Procurement - a profession that many know little about until they fall into, and in love with, it.
Traditionally, this has appealed most to those of us who are more detail-oriented, analytical, organised and passionate about doing the right thing for our organisations by ensuring they are lean, mean and risk-free.
But with Procurement developing into a more strategic function, with greater focus on value and innovation, we need more diverse teams.
So how can we go about attracting the right talent?
And not just someone who ticks the right boxes:
How much does this narrow the field? Someone who has fallen into procurement and has these attributes and is looking for a new role and interviews well.
Procurement will never embrace diversity as long as this is the approach to hiring.
So - what should we be looking for? How can we attract talent out of university (or college, or school)? How can we get the best talent from other business functions to 'fall into' Procurement?
The following six tips will help:
Many people outside the profession (and some inside) still see procurement as a transactional function, but it is becoming increasingly strategic. Procurement can have a significant impact on the bottom line, and also play a key role in driving innovation and improving efficiency. By championing the strategic importance of procurement, we can attract candidates who are looking for a challenging and rewarding career.
Communicate in the language of your organisation, visualise your impact and link value to the wider strategy.
A diverse team is a more creative and innovative team. By promoting this, we start a virtuous cycle, attracting candidates from different backgrounds and disciplines. This gives us a wider range of perspectives and experiences to draw from, which in turn will make the team more successful and attractive to join.
We cannot face the next challenges with the teams of the past.
We must offer competitive salaries and benefits in order to attract the best talent.
And not just 'competitive' in the procurement market. Be wary of HR benchmarking that conflates procurement with purchasing, setting salaries 30-40% below the right level. I've seen so many teams that cannot find the right people because salary levels are set too low - only to have to pay a contractor even more to fill the gap.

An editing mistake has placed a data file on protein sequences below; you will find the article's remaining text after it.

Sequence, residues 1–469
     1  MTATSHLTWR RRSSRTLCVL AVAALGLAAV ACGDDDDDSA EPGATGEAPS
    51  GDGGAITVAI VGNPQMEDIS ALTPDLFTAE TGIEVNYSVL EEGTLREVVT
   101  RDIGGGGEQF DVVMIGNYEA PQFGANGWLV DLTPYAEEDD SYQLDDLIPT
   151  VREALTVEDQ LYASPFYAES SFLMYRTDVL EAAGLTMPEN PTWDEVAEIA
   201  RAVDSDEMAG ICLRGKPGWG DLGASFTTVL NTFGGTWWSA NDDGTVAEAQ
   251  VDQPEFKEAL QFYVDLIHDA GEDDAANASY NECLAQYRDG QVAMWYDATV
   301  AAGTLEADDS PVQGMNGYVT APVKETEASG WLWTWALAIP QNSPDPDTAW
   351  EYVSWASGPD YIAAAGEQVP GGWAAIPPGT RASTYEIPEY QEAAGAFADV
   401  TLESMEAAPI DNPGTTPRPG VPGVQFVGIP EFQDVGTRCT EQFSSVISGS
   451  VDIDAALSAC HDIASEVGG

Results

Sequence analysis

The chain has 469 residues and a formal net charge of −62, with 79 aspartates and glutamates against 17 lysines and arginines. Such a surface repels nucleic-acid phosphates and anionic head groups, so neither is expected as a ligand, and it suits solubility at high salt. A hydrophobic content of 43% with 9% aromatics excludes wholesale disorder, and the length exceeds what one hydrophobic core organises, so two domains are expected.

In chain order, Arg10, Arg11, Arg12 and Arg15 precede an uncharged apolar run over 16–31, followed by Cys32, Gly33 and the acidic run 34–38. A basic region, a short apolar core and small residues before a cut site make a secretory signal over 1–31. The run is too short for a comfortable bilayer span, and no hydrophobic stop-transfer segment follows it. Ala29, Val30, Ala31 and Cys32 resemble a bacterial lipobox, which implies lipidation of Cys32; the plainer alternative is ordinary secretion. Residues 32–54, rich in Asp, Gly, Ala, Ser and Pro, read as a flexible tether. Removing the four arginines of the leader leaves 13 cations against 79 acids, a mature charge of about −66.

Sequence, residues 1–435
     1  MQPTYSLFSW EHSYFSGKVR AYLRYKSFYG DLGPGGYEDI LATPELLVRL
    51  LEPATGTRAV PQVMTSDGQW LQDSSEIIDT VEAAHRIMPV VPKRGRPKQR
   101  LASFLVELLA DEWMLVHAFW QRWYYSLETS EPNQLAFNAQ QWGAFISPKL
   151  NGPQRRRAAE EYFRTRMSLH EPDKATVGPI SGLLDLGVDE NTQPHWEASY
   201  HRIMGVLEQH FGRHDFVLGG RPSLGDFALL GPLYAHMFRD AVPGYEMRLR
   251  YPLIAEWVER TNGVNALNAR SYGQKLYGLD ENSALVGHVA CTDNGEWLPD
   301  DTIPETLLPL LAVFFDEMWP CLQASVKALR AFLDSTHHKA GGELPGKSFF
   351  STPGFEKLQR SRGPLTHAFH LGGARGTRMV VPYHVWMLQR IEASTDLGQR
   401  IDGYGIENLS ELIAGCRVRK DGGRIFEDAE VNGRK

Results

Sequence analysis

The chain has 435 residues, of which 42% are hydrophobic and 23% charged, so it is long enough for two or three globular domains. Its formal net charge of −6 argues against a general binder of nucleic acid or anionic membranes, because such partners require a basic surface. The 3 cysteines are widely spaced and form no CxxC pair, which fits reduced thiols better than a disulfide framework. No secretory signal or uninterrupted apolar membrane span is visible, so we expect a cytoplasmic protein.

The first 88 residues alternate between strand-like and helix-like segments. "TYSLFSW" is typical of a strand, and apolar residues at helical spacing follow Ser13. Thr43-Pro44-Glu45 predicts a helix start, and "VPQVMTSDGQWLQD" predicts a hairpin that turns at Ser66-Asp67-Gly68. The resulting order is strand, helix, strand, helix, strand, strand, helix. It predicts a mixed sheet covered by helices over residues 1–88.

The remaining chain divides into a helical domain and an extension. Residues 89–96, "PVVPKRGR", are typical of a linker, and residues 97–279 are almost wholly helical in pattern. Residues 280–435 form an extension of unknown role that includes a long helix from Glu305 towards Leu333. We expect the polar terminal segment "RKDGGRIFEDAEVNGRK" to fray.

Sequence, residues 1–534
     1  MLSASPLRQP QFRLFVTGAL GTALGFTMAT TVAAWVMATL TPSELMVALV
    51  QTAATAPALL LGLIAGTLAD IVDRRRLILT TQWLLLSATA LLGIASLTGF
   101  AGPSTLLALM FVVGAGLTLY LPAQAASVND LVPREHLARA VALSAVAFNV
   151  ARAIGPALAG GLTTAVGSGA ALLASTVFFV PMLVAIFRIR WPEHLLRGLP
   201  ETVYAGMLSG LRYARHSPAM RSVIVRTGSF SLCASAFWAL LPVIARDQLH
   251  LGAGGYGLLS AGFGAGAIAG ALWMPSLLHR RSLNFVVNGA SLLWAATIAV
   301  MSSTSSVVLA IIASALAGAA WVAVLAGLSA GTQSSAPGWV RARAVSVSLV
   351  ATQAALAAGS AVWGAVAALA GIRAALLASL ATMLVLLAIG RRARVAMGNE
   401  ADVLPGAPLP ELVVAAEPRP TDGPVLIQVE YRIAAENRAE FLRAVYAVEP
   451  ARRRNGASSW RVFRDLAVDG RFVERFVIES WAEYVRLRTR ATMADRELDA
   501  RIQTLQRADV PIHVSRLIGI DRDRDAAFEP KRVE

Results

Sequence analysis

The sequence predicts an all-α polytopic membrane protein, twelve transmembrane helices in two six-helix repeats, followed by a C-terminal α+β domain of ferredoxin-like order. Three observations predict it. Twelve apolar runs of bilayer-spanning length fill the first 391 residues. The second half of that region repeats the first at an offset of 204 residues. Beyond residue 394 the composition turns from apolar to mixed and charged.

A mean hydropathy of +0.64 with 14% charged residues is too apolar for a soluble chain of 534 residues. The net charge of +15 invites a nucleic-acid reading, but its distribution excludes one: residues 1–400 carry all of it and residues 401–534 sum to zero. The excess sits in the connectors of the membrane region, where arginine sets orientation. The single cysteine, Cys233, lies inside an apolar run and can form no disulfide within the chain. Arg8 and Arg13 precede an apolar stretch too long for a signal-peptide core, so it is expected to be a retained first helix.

Deliver at a strategic level for your organisation and you will have greater flexibility on salaries.
Procurement is a constantly evolving field, so it is important to provide opportunities for professional development. This is the one thing that I am consistently told is not happening. Budgets are non-existent or handed back unspent.
Investing in your people demonstrates that you are committed to their growth and development.
A positive work culture is one where employees feel valued, respected, and supported. It's also 'how we do things' - one where smart work, delivering to promises and doing the right thing are valued. Working flexibly is also key to retaining a diverse team - we are not all able to commit to 9-5 in a specific location 5 days a week. And we don't need to.
This is so important for attracting and retaining top talent - without it, your best people will quickly leave.
In today's market, there are many talented people who do not have a traditional procurement background. These candidates have skills and experience that are transferable to the procurement function, even those that may not be immediately obvious.
To get procurement to the next level we must expand our talent pool to find the best people for the job.